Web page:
Schools Are Closed, But School Districts Are Still Feeding Students In Need — With Help From The Census
What's at stake for Southern California in the 2020 Census? Billions of dollars in federal funding for programs like Medi-Cal, for public education, even disaster planning. Political representation in Sacramento and D.C. A census undercount could cut critical resources in L.A. County, home to the largest hard-to-count population in the nation.
By Caitlin Hernandez and Gabriela Torres
School districts across the country participate in the U.S. Department of Agriculture's National School Lunch and Breakfast programs. These programs provide reimbursement for free and reduced-price distributed meals to students from low-income homes.
L.A. Unified's free school nutrition programs have fed Nancy Paczkowski's two kids, Jackson and Leah, at school for more than four years. The National School Lunch and School Breakfast programs, with budgets informed by census data, have helped eligible families like the Paczkowskis in school districts across the U.S. eat healthily at school without worrying about cost.
Amid economic instability caused by the coronavirus pandemic, school districts have become large-scale food relief providers to students' families struggling to keep food on the table. In the spring, when schools across Southern California closed their campuses to slow the spread of COVID-19, many districts and charter schools advertised free grab-and-go meals for kids. Meals funded by federal school nutrition programs were repackaged as grab-and-go meals.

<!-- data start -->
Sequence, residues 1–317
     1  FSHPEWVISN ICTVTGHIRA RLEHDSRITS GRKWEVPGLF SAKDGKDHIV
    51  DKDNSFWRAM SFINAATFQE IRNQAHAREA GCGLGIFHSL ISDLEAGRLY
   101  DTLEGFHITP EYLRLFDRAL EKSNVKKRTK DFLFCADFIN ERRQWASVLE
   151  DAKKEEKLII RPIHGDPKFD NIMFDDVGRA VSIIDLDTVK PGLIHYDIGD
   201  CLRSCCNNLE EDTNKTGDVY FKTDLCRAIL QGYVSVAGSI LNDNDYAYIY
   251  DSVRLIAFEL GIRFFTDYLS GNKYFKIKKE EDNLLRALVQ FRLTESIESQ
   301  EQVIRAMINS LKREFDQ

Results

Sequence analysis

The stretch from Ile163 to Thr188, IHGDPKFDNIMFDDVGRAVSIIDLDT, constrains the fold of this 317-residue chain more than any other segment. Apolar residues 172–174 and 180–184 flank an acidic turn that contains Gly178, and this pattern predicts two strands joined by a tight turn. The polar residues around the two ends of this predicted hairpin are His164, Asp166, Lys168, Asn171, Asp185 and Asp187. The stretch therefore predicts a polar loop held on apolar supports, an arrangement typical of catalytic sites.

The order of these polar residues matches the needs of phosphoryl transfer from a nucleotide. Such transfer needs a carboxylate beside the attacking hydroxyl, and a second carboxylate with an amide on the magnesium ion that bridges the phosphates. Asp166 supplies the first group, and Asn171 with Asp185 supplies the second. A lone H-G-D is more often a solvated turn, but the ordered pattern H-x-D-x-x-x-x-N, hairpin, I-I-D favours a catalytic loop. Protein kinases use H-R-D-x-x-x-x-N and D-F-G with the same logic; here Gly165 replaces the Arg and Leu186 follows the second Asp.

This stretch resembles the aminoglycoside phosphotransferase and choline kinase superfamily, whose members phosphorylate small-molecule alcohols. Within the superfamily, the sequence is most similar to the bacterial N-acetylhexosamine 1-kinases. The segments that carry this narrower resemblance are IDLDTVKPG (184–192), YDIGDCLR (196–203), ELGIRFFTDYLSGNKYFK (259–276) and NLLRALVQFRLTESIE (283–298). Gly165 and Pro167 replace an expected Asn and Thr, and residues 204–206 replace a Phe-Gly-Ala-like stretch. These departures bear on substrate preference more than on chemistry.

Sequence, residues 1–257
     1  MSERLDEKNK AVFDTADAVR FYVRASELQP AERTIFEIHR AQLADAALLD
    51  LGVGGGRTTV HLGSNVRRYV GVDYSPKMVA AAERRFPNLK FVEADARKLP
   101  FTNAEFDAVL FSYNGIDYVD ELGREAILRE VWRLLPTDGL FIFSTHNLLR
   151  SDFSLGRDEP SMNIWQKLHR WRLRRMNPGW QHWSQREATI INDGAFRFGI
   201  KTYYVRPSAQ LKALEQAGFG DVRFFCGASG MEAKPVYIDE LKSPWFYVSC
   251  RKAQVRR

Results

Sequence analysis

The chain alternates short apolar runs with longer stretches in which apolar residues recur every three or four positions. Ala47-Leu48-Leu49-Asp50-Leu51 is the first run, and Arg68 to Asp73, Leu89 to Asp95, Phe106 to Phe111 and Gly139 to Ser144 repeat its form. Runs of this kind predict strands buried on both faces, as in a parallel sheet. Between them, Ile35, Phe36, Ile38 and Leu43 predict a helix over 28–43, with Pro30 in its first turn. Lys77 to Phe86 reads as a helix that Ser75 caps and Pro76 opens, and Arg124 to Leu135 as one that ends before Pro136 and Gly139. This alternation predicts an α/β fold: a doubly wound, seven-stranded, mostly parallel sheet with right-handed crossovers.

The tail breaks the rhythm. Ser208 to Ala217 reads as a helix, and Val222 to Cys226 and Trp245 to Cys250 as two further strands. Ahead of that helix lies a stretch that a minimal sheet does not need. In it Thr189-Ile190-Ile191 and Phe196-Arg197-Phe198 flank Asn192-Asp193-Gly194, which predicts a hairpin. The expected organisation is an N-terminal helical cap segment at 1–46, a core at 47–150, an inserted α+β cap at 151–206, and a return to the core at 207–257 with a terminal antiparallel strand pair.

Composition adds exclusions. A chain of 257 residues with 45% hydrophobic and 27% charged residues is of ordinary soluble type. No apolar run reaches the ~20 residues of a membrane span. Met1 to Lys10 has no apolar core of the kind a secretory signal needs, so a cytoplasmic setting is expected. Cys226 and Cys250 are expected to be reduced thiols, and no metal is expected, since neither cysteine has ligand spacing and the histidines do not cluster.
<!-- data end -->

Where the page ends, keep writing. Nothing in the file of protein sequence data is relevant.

Because of USDA waivers put into place, meals were able to be given to any kid who asked for one, even if they didn't qualify for a free meal based on their family's income or went to school in a different district. Since March, LAUSD volunteers and staff have distributed nearly 65 million grab-and-go meals, an achievement funded in part through the federal programs, but mostly through donations and other streams of fundraising.
Kristin Hilleman, California School Nutrition Association chair of public policy and legislation, told LAist in August that waiving the normal rules regarding eligibility meant school meal programs could "in essence, operate a universal meal program for all students." Although the pandemic persists, the waivers that allowed schools to feed all kids under the Summer Food Service Program and the National School Lunch Program Seamless Summer Option have expired.
Paczkowski, whose kids are eligible for subsidized meals, has been able to feed her kids healthy meals by repurposing grab-and-go meals provided by LAUSD. When her family was running short on funds and stores were empty, Paczkowski's string-cheese pizza and ice cream — both made with grab-and-go foods — are what fed her kids.
"I could probably make it, you know, nutritious because I know how to do that," Paczkowski said about how she'd manage without the foods. "But there would certainly be very little variety [in our diet], and opportunity for creativity and opportunity to try new things, too. The kids have tried some new things."
WHAT ARE THE NATIONAL SCHOOL LUNCH AND SCHOOL BREAKFAST PROGRAMS?